German Chancellor Angela Merkel, standing alongside US President Donald Trump at the White House, said today that the existing international nuclear deal with Iran is not enough to curb the Islamic republic's ambitions in the region.

The so-called Joint Comprehensive Plan of Action, signed by Tehran and six world powers including Germany and the United States, is "a first step that has contributed to slowing down their activities in this particular respect," Ms Merkel told reporters.

"But we also think from a German perspective that this is not sufficient in order to see to it that Iran's ambitions are curbed and contained."

"Europe and the United States ought to be in lock step on this," she said.

Ms Merkel and Mr Trump put on a display of warmth and friendship during a White House meeting earlier today despite differences over trade and Iran that have sparked tensions between the two allies.

After their last White House meeting drew attention when the two leaders did not shake hands in the Oval Office, Mr Trump made a point of doing just that, twice, while congratulating the German chancellor on her election win.

"We have a really great relationship, and we actually have had a great relationship right from the beginning, but some people didn't understand that," Mr Trump said, calling Ms Merkel a "very extraordinary woman".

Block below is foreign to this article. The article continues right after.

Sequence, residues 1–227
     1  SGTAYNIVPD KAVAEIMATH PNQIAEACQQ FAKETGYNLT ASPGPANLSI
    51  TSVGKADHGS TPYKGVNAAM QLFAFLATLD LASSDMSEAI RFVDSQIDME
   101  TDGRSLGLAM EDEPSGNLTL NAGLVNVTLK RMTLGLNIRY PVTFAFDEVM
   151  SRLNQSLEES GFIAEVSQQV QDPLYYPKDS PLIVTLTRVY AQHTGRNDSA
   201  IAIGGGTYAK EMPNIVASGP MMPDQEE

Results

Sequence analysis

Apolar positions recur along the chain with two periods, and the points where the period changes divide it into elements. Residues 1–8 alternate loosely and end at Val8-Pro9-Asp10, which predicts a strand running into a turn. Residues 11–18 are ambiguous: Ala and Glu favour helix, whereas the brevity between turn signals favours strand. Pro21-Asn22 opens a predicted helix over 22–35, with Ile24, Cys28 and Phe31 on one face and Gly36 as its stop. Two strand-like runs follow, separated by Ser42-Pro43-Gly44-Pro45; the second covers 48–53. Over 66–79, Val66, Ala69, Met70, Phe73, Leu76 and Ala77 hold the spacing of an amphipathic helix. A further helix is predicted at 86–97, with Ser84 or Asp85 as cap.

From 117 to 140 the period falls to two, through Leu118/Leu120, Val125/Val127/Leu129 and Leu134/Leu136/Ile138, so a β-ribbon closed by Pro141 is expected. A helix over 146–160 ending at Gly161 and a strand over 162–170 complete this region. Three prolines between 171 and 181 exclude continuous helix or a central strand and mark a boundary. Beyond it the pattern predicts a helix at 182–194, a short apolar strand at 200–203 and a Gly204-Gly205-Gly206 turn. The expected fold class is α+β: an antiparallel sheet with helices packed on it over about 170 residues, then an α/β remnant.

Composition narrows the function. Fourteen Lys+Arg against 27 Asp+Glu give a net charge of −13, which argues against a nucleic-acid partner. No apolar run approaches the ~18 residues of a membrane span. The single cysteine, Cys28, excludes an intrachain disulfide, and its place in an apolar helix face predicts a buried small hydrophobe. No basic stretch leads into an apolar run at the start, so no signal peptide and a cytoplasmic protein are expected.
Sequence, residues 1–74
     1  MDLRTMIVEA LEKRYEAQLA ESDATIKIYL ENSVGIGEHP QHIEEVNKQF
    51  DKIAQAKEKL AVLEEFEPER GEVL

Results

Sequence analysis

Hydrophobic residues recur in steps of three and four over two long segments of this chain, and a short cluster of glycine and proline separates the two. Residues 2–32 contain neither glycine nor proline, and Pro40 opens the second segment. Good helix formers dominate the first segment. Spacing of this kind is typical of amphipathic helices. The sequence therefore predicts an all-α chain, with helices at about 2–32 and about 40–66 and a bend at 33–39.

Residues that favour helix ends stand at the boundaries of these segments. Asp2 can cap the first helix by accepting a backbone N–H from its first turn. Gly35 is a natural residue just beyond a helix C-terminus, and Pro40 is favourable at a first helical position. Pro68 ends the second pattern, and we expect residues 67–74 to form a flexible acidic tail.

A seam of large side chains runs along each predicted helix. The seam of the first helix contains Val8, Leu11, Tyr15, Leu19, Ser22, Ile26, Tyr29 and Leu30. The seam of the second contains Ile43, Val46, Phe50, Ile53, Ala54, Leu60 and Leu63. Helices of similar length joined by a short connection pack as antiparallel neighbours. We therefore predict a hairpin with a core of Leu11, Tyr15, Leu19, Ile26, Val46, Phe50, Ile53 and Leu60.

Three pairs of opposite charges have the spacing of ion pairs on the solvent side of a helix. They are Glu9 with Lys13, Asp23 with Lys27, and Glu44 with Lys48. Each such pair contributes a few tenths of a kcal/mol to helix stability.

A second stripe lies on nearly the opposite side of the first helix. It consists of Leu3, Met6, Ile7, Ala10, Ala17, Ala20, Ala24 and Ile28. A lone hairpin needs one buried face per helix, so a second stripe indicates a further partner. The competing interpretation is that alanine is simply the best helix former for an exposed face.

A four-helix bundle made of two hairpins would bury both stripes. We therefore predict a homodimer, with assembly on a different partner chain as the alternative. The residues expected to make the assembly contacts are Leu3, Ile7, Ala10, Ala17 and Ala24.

Ms Merkel acknowledged that it took a while to form a government after heavy election losses to the far-right, but she said it was important to her to make her first trip out of Europe since establishing her administration to Washington.

The cautious Ms Merkel has not established a particularly strong personal rapport with the brash Mr Trump, and the mood of her one-day working visit contrasted sharply with the tactile "bromance" between Mr Trump and French President Emmanuel Macron.

Earlier this week Mr Macron called on the United States not to abandon the Iran deal as western envoys said Britain, France and Germany were nearing agreeing a package they hope could persuade Mr Trump to save the pact. 

Mr Trump will decide by 12 May whether to revive US sanctions on Iran. 

Doing so would be a serious blow to the nuclear deal, which many western countries sees as essential for stopping Tehran developing a nuclear bomb.